Regional Gardening Reports :: National Gardening Association

Garden Talk: October 9, 2008

From NGA Editors

New, Colorful Yellow Rocket


Yellow rocket (Ligularia) is a late-blooming perennial for woodland gardens or shady areas. It?s commonly relegated to the back of the border because of its uninteresting leaves. However, a new selection of Ligularia will tempt gardeners to bring it out from the shadows.

?Osiris Caf? Noir? yellow rocket was bred in Quebec, Canada. It features very dark black, serrated, leathery leaves in spring that transition to shades of bronze, and eventually olive green by the time it sends up yellow flower spikes on ebony-colored stems in mid to late summer. The plant grows 20 to 24 inches tall, is deer resistant, flourishes in a shade garden, and is hardy in USDA zones 4 to 9. In warm southern areas, plant ?Osiris Caf? Noir? where it will receive some afternoon shade to protect the plant from wilting.

For more information on this new yellow rocket, go to: Walters Gardens.

Are Organic Blueberries Healthier?


Many people believe organically raised produce is safer than conventionally raised crops because of the lack of chemical spray residues on the fruit. However, what about differences in the nutritional quality of the fruit?

Researchers at the USDA and Rutgers University collected ?Bluecrop? blueberries grown in New Jersey on organic and conventional farms. Samples were taken from a number of farms in different locations, and fruit was analyzed for sugar levels, and antioxidant and flavonoid content. Overall the organically raised blueberries contained higher sugar, antioxidant, and flavonoid levels than the conventionally grown fruits -- sometimes as much as 50 percent higher.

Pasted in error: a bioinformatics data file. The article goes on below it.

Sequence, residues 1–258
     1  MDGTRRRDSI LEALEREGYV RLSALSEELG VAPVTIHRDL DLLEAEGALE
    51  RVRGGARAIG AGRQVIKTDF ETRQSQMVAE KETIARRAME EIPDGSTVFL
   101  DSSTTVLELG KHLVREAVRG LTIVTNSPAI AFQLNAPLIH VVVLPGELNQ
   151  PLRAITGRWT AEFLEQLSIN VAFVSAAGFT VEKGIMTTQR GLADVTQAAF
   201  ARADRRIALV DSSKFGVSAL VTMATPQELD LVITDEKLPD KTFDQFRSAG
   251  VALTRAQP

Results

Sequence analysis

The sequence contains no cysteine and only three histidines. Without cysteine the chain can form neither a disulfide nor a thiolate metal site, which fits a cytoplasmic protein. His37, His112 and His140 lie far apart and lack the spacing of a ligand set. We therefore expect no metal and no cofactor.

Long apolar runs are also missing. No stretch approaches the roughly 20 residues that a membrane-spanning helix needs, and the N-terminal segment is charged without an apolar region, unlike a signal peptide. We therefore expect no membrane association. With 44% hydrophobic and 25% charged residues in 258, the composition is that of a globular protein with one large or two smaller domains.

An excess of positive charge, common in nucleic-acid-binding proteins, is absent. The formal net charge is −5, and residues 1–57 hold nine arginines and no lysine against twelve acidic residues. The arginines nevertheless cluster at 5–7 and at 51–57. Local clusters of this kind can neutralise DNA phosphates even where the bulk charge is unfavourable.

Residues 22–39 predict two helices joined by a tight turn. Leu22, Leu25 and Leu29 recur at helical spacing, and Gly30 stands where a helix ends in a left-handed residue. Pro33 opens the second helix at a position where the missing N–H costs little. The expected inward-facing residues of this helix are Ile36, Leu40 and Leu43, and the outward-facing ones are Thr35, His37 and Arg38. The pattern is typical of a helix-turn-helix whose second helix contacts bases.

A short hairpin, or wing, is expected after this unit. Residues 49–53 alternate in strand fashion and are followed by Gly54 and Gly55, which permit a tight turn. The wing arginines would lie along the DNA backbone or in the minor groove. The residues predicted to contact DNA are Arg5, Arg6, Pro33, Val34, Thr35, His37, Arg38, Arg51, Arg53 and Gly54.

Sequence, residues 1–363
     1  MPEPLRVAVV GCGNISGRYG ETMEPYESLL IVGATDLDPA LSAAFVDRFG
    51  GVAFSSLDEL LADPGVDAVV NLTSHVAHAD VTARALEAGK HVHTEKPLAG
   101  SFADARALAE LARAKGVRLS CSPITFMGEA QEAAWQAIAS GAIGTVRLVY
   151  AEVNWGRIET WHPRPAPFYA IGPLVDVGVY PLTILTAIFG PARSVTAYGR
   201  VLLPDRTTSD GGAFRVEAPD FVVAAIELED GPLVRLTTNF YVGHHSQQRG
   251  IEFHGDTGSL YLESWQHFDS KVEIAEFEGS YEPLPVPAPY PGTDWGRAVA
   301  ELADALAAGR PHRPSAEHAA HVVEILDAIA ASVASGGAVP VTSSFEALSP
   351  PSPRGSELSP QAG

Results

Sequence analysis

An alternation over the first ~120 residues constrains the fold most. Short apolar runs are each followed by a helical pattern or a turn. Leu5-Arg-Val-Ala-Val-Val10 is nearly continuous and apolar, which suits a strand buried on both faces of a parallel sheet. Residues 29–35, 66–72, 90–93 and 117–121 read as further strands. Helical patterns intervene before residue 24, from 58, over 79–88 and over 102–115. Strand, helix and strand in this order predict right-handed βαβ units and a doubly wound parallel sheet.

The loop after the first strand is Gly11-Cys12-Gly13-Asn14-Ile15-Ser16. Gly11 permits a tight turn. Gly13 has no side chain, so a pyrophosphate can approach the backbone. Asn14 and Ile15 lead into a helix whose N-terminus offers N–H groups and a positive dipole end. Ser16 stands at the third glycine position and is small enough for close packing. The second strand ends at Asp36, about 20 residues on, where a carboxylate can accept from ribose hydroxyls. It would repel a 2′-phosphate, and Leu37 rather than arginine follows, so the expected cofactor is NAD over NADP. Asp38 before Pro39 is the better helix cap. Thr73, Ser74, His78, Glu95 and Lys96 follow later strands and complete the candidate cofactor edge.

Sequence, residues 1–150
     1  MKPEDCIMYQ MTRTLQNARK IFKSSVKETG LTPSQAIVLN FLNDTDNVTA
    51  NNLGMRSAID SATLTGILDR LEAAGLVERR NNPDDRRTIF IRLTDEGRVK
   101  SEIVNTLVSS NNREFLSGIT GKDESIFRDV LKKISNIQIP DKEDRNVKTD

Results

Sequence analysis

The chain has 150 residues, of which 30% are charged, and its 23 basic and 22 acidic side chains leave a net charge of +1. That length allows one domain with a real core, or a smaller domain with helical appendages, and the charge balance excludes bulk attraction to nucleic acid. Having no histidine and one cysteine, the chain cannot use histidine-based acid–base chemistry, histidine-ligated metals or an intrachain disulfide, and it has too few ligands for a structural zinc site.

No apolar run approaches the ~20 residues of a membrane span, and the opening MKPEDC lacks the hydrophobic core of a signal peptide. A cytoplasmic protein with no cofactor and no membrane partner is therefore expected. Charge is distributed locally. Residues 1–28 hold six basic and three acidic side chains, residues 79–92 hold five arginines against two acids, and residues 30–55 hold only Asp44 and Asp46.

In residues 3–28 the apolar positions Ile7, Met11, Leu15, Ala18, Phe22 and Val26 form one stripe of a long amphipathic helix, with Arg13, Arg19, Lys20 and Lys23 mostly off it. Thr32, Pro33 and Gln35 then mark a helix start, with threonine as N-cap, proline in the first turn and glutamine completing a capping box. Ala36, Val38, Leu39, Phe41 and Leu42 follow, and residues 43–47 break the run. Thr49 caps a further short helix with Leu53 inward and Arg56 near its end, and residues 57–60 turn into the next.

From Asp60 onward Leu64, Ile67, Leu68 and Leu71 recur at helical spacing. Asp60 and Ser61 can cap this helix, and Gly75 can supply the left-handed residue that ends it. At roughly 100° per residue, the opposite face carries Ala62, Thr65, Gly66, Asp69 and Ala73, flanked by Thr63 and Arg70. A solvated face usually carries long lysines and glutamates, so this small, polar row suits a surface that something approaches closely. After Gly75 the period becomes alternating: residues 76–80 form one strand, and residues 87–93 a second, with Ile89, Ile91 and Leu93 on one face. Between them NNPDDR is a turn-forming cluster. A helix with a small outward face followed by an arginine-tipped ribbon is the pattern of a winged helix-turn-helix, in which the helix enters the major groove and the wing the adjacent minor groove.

For more information on this study, go to: Journal of Agricultural and Food Chemistry.

Tracking Lost Ladybugs


The old nursery rhyme goes, "Ladybug, ladybug fly away home ?" It seems the insects have taken this song a little too literally. Over the last 20 years, several of our native ladybug species have become extremely rare. Ladybugs are good bugs. They are essential predators of many pests that attack our gardens, such as aphids and mealybugs.

In many areas the native ladybugs are being replaced by exotic ladybug species. This is a concern because native ladybugs are better adapted to the ecosystems where they have historically evolved.

Researchers at Cornell University are trying to document what has happened to our native ladybugs and are asking for your help. The first step is to determine what species are prevalent, and how many individual insects there are of each species. To do this they have started the Lost Ladybug Project. They are asking homeowners and gardeners to collect and photograph any ladybugs they see and enter the data on the Cornell Web site, along with the time, date, location, and habitat where the insects were found. This sounds like a great kids? project!

For more information on the Lost Ladybug Project and how to participate, go to: Lost Ladybug Project.

Protect Plants from Frost


Frost is threatening in many areas, if it hasn?t already hit. However, many plants are still looking good in the garden, and perhaps you?re not ready to give them up just yet. If you have a prized tomato, eggplant, pepper, rose, or other large plant, you can protect them with a fleece hood. These UV-stabilized polypropylene hoods stand 2 feet 4 inches wide and 4 feet 9 inches tall. They can protect the foliage, flowers, and fruits from temperatures down to 28 degrees F. They also protect the plants from high winds and insects, while still allowing light, water, and air to penetrate.

For more information on these fleece frost protectors, go to: NGA Garden Shop.



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